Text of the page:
I think: 1 is okay (asyndetic coordination, って applies to both quotes together) 2 is okay (gapping--the verb is omitted) 3 is okay (same as 2, except the verb is not omitted) 4 is okay (asyndetic coordination, と applies to both quotes together) 5 is okay (syndetic coordination, the first と joins both quotes, the second と is quotative and applies to AとB)
@Chocolate Yes, リンかけ is the short name for Ring ni kakero. What I am not sure of is what the interviewer is asking about? The most powerfull punch in the manga, maybe? And I don't understand what the interviewed answered. D:
@Chocolate regarding the geisha of Higashiyama Onsen, I was also a bit confused as to whether I should contact the tourism association, or the hotel.
The website talks about booking with the hotel, but the email from the association that you translated talked about supplying the association with details. However, maybe that's because they were talking about what to do if I booked with their hotel.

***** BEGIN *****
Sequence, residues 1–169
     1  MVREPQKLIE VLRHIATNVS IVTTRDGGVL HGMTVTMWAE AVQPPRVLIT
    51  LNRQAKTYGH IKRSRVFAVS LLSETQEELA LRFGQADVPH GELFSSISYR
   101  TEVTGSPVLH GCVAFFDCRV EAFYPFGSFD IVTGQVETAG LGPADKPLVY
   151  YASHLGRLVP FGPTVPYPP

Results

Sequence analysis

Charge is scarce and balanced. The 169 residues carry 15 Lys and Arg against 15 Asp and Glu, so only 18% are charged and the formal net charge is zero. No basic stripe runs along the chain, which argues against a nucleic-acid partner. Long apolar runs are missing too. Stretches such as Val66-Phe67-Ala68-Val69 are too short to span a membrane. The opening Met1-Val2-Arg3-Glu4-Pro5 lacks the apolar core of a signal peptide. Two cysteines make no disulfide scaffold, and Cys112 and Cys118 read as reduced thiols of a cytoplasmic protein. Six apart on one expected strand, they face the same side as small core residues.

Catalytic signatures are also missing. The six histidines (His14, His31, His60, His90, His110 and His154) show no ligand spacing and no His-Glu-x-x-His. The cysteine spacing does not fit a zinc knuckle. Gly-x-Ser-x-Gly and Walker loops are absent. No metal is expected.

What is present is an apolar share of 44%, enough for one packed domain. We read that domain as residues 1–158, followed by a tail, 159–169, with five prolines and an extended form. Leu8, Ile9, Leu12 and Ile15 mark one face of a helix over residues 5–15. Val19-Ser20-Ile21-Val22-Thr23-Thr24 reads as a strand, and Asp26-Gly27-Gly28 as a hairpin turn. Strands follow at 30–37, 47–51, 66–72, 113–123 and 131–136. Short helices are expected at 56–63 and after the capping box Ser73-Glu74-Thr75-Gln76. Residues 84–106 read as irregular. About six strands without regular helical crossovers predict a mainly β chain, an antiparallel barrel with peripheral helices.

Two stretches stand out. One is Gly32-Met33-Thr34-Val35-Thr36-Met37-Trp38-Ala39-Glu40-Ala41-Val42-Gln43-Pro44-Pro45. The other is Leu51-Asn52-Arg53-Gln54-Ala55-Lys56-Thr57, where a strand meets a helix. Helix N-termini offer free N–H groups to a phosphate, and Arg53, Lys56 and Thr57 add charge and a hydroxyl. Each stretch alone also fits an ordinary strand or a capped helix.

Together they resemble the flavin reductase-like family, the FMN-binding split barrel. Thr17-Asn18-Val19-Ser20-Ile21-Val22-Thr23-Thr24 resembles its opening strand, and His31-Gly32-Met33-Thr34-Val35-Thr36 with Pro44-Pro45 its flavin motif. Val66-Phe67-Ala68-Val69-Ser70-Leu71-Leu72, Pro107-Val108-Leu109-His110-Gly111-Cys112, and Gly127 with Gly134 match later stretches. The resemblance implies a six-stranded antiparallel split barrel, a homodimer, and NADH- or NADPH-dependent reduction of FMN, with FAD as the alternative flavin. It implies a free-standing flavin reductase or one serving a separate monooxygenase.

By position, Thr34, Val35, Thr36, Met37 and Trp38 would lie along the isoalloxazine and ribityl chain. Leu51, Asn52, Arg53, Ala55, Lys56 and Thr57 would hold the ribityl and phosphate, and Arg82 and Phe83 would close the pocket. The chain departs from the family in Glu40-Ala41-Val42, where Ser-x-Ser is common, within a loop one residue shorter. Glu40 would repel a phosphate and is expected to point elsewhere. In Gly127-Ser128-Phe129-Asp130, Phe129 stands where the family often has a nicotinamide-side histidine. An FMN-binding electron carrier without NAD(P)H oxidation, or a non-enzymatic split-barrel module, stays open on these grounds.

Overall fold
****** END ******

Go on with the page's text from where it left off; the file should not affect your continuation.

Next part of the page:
@AndrewGrimm I checked their email. I think they're saying they want you to let them know the details through the hotel you're staying at. So I think you could just give the details to the hotel you've booked.
アカンて would be ダメだって, ダメだってば or だめだよ in standard Japanese. アカンてアカンて is like だめだよ、だめだよ. アカンで is closer to だめだよ, but アカンて / アカンって is like, "nonono, stop it". We often say this when you want to stop someone from doing something, often in a hurried way.
It's different from だって in だって、女の子なんだもん(=because I'm a girl, you know)
Etymologically, these are from the same origin, though
What is the conceptual difference, or difference in nuance between these two constructions when used to mean 'and'? I realize there are some syntactic differences, such as や not appearing after the final item being enumerated, but as far as general nuance is concerned, is there any significant d...